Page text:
A close up view of  red cranberries and sphagnum moss.
Spring Pond Bog Cranberries and sphagnum moss at Spring Pond Bog Preserve in New York © Harold E. Malde

Places We Protect

Spring Pond Bog Preserve

New York

Explore a unique habitat of bogs and fens found nowhere else in the state.

PLEASE NOTE: The safety of our visitors is a top priority. As described in our guidelines in the Visit tab of this page, written permission is required to visit the preserve. To request a guest pass, please email adirondacks@tnc.org. Due to COVID-19 office closures, our response may be delayed. We apologize for any inconvenience. 


The second largest open expanse of peatland in New York, Spring Pond Bog Preserve provides a unique habitat for plants and animals found nowhere else in the state.  It contains a patterned peatland with ridges (strings) and wet depressions (flarks).

Why We Work Here

Spring Pond Bog is a peatland composed both of bogs and fens. Bogs rely on water from the atmosphere and are thus poor in nutrients and have low species diversity. Fens, in contrast, receive both surface and groundwater, and tend to be more diverse than bogs. It is vital that we protect areas like Spring Pond Bog because they are essential to the biodiversity of the Adirondacks.

Before you go, view our preserve guidelines.

The half-mile trail leads through a hardwood forest, along an esker with views of the spruce swamp, to a point with magnificent views of Spring Pond Bog.  There is also a boardwalk trail through a smaller "teaching bog" off the main trail. Built by volunteers during the summer of 1998, it allows visitors to take an up-close look at the bog without disturbing the plants. Note: Because it is located beyond a private gate, access to Spring Pond Bog requires written permission. Contact the Adirondack Chapter of The Nature Conservancy for a gate pass.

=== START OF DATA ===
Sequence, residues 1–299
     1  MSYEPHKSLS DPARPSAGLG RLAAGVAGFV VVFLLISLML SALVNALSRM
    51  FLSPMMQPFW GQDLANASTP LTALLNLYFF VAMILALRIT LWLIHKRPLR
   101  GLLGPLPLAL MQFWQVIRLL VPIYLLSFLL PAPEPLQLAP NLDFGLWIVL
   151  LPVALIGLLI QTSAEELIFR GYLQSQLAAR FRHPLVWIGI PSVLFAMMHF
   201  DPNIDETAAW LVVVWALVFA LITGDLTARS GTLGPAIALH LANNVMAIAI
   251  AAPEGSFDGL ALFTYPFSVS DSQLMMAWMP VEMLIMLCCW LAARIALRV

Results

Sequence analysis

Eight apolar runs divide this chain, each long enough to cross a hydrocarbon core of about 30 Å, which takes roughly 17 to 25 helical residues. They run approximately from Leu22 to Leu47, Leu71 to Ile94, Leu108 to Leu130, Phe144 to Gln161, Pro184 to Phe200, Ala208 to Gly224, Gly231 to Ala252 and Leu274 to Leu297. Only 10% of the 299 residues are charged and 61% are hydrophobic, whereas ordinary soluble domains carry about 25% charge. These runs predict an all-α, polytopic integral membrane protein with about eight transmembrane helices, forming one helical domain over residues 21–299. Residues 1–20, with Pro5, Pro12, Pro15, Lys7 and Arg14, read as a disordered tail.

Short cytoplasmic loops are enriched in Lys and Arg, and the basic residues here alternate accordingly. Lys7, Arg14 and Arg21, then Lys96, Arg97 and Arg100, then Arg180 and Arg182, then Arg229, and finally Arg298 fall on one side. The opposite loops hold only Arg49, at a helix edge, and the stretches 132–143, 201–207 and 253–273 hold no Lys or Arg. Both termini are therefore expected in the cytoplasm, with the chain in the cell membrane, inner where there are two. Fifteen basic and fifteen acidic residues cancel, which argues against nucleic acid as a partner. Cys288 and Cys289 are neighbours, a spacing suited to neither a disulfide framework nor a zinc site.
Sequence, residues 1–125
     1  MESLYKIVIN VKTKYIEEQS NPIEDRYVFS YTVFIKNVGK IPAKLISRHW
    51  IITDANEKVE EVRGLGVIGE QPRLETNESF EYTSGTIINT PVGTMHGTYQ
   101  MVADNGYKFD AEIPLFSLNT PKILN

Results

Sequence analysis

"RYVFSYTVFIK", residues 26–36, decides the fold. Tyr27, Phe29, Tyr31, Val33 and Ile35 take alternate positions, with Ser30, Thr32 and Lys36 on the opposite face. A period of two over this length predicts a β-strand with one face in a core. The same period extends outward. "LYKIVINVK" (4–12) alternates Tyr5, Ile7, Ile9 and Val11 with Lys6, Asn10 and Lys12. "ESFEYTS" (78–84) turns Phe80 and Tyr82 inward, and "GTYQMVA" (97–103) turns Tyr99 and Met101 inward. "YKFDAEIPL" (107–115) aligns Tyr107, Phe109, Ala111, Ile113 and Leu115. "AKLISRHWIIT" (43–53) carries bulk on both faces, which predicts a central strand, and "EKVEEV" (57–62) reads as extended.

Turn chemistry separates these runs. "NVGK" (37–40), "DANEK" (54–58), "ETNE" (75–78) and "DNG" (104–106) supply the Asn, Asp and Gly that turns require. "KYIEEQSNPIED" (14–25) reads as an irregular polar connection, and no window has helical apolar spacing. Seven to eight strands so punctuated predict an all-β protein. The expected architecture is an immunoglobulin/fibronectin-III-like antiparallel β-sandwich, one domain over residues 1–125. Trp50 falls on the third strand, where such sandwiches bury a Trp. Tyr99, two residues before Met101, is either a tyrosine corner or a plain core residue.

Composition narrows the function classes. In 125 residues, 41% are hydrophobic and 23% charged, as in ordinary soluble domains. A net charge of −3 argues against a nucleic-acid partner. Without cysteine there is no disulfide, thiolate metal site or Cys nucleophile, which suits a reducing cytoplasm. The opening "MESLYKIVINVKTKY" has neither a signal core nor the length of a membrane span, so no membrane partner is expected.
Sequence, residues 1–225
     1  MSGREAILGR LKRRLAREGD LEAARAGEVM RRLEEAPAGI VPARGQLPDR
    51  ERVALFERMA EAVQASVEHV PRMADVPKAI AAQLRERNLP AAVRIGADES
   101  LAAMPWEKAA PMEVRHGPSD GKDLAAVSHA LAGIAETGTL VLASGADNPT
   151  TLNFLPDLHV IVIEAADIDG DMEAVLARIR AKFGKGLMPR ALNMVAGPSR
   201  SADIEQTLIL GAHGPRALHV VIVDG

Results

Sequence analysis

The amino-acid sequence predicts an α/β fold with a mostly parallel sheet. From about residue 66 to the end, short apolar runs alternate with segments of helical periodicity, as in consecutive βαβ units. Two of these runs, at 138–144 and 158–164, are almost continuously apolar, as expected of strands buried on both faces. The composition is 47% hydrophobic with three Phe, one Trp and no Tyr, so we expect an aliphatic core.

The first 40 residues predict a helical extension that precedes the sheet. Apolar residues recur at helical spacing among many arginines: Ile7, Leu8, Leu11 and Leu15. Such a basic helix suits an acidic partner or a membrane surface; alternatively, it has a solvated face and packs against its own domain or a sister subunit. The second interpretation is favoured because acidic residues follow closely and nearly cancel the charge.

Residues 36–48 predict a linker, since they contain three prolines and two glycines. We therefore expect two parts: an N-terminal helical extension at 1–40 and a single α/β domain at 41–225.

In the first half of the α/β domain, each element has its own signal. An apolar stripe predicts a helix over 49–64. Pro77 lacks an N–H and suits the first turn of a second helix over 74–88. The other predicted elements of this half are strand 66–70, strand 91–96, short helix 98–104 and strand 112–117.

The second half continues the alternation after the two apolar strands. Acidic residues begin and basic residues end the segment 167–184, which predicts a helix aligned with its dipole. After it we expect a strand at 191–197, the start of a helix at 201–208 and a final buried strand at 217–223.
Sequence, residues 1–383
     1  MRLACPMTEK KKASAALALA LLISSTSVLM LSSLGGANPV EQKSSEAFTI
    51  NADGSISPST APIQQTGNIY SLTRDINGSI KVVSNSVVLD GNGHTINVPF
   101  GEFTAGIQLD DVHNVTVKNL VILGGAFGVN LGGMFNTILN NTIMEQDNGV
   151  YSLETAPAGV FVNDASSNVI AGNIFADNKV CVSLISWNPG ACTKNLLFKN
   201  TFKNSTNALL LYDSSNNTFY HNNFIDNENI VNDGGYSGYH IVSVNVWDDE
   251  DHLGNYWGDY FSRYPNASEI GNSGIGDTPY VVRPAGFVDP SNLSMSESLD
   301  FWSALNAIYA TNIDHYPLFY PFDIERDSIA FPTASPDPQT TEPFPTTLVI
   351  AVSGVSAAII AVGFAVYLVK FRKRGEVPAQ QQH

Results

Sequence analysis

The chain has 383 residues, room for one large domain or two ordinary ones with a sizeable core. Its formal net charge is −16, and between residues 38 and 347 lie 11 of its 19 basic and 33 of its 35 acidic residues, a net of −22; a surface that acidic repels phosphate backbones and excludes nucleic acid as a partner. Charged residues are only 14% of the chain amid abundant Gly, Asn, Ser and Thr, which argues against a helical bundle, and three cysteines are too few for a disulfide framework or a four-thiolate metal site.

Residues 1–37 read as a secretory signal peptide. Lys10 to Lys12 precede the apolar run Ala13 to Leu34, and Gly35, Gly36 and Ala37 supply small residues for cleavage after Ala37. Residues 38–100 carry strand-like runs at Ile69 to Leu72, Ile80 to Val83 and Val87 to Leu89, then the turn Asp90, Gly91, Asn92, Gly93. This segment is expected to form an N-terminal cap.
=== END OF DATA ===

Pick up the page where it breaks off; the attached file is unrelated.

The wetlands and surrounding forest provide habitat for more than 130 species of birds, including boreal species like spruce grouse, black-backed woodpecker, gray jay, and short-eared owl.

The bog contains a variety of typical northern bog plant species such as pitcher plant, leather leaf, bog laurel and Labrador tea, as well as several rare species. Plants must adapt to this nutrient-poor environment. The pitcher plant actually traps and "eats" insects. The leaves of the pitcher plant form a vase that holds water. Insects that venture in are trapped by downward pointing hairs, fall into the water, and are digested by the plant.

Before You Go

Check out our preserve visitation guidelines to prepare yourself for a great visit.